>My kind promise for February is to “surrender patiently.”

I’ve written elsewhere about surrender and the difference between  giving in and giving up. Why did this promise call to me? What more do I want to learn about surrender?

I’m sure this is a response to my increasing difficulty with my hands. It is harder, these days, to accomplish the things I want to do. It doesn’t take long for me to find myself in snarling frustration.

I want to practice surrender more frequently as a first instinct rather than a last resort. Too often, I try and try and try to get it done and, when something proves too difficult for me or the universe seems to rally against my effort, I surrender.

I had an interesting conversation last night with Sam Jasmin, radio host of Disabled and Proud. We talked about stubbornness and it’s pros and cons. She’s right that I accomplish more because of my stubborn streak. Unfortunately, I am not as nice to be around because of my stubborn streak.

I want to keep my determination and persistence but lose the short tempered meanness that seems to come with it. How would this be possible?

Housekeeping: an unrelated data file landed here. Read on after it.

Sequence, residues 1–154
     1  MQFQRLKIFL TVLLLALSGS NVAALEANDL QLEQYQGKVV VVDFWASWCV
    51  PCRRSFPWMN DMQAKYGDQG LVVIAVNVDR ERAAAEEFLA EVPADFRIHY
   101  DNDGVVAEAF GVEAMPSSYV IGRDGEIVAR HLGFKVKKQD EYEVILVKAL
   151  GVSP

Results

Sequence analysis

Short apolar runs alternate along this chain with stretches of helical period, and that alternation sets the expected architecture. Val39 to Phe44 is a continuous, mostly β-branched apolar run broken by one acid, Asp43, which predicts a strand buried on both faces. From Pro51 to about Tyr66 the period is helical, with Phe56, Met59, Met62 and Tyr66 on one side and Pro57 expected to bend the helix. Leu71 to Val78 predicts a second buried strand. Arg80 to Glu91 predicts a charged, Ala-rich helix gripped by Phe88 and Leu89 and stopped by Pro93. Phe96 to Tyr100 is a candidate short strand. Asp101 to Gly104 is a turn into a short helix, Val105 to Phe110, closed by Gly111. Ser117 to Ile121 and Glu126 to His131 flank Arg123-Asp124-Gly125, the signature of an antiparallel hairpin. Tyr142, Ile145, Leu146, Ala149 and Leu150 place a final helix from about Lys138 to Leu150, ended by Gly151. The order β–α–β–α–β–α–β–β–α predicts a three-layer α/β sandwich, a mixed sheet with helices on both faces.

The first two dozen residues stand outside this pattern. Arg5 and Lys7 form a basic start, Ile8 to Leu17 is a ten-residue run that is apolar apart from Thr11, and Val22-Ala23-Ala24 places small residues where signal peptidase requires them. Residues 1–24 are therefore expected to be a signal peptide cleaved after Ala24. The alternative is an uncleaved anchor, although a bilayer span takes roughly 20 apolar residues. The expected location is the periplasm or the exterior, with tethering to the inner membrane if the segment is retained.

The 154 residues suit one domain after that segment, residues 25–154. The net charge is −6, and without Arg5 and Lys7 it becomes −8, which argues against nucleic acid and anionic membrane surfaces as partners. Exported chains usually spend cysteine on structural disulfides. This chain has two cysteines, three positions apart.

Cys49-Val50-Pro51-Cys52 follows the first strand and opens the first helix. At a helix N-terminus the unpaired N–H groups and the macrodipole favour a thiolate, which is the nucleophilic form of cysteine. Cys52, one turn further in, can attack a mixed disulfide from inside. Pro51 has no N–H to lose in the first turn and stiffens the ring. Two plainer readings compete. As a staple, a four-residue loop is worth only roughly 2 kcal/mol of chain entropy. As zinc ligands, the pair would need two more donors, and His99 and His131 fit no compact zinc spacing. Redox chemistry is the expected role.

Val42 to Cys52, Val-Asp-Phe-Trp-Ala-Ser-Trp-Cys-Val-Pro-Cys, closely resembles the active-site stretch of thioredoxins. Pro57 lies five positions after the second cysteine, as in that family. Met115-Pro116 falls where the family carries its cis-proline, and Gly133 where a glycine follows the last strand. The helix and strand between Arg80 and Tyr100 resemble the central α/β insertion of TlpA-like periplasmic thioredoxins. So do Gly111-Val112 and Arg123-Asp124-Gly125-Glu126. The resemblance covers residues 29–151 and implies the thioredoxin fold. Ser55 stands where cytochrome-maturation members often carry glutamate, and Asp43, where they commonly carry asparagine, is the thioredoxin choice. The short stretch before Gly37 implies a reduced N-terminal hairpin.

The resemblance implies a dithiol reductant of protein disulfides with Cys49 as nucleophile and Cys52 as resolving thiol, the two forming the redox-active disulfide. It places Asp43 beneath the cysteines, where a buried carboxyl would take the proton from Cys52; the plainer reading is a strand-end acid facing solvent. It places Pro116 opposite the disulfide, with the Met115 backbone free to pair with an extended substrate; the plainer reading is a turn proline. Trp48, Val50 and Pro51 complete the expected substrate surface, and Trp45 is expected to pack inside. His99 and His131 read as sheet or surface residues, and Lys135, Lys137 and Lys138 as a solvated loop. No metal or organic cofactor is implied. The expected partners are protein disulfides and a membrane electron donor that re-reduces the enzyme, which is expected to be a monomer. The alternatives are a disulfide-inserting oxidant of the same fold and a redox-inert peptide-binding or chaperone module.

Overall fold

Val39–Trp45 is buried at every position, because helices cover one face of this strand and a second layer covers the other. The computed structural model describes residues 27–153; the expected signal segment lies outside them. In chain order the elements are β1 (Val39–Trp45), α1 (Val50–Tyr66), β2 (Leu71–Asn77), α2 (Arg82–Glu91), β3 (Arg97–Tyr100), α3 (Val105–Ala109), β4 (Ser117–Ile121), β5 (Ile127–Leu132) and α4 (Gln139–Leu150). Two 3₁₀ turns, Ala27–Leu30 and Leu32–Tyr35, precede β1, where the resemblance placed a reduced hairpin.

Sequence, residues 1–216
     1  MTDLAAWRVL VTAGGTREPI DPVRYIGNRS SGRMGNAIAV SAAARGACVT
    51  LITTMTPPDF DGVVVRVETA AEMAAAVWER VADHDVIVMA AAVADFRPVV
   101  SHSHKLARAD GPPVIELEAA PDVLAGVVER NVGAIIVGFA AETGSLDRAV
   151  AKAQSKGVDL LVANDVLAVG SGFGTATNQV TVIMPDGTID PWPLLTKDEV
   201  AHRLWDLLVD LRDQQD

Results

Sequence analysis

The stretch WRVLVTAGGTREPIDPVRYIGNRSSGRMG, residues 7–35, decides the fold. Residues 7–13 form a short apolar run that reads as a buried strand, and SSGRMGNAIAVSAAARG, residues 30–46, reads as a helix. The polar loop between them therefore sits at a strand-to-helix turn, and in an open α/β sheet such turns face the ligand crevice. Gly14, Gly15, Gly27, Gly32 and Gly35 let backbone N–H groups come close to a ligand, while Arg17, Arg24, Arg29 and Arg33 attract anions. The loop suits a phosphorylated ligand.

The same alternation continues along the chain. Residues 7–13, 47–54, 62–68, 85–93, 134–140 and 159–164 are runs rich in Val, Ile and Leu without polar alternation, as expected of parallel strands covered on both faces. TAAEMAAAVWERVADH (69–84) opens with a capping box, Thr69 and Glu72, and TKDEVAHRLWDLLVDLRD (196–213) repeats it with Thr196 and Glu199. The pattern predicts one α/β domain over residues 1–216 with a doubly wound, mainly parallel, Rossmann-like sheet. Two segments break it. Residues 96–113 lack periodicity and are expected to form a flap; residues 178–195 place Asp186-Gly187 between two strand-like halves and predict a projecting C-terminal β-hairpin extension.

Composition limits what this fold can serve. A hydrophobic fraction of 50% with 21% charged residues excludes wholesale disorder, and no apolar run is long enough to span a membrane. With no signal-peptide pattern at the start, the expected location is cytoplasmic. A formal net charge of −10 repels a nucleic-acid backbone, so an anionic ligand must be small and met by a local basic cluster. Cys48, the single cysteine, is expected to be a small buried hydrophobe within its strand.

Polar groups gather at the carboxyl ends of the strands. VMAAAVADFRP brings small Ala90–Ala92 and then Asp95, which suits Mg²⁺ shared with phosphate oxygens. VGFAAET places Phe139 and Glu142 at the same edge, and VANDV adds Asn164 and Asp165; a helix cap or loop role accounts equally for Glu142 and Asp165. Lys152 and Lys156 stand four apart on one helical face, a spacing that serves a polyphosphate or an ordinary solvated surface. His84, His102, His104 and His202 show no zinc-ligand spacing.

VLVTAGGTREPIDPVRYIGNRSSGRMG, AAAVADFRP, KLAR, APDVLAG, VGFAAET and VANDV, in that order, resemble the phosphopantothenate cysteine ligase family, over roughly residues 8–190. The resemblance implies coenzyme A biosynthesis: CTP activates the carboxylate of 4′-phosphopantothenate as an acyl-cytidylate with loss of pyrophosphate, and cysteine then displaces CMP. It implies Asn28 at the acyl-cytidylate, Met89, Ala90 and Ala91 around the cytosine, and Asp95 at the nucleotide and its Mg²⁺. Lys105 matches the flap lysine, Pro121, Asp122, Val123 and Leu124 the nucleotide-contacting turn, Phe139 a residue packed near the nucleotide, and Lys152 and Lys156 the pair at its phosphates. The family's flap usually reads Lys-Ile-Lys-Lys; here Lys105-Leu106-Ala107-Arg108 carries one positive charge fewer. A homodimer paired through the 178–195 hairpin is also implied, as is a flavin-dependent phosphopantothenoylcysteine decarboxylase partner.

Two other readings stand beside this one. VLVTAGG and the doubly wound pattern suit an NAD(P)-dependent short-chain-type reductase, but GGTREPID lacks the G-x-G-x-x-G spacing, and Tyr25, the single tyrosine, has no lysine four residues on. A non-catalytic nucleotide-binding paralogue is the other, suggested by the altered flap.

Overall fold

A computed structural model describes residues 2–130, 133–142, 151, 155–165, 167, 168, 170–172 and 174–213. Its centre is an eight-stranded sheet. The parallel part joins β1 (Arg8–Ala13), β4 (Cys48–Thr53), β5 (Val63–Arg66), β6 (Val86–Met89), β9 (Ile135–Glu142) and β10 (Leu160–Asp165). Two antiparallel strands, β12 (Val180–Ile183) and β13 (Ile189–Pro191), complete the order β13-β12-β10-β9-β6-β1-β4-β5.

Off-the-top-of-my-head ideas:

  1. Take a calming breath between each effort.”
    I seem to have spent the last six months retraining myself to breathe. Such a simple thing, yet I have been unconscious of it for most of my life. Now I am consciously trying to build a breath-calm-joy connection.
  2. Try three times and then (A) ask for help or (B) take a break or (C) reconsider.
    Maybe putting limits on my effort will also put limits on the escalation of my upset. This is definitely an experiment.
  3. Use “the next moment may also be a surprise.”
    I discovered, during “forgiveness month” that my expectations do not serve me well. Maybe the same thing is happening here. My poor nerves are having trouble carrying signals. Why should I expect my hands to be adept? Acknowledging uncertainty may be a help.
  4. Try “everything belongs.”
    In my philosophy/theology the universe is a stunning harmony, a whole. What we see as imperfect is part of that harmony. Everything belongs. This allows me, my increasingly dysfunctional hands, the ways I am clumsy and even my snarling frustration to belong. I need to remember that and be compassionate.

Oldie that I am, I can’t help thinking of this song when I am thinking about surrender. Maybe singing a chorus or two will soften the brittleness.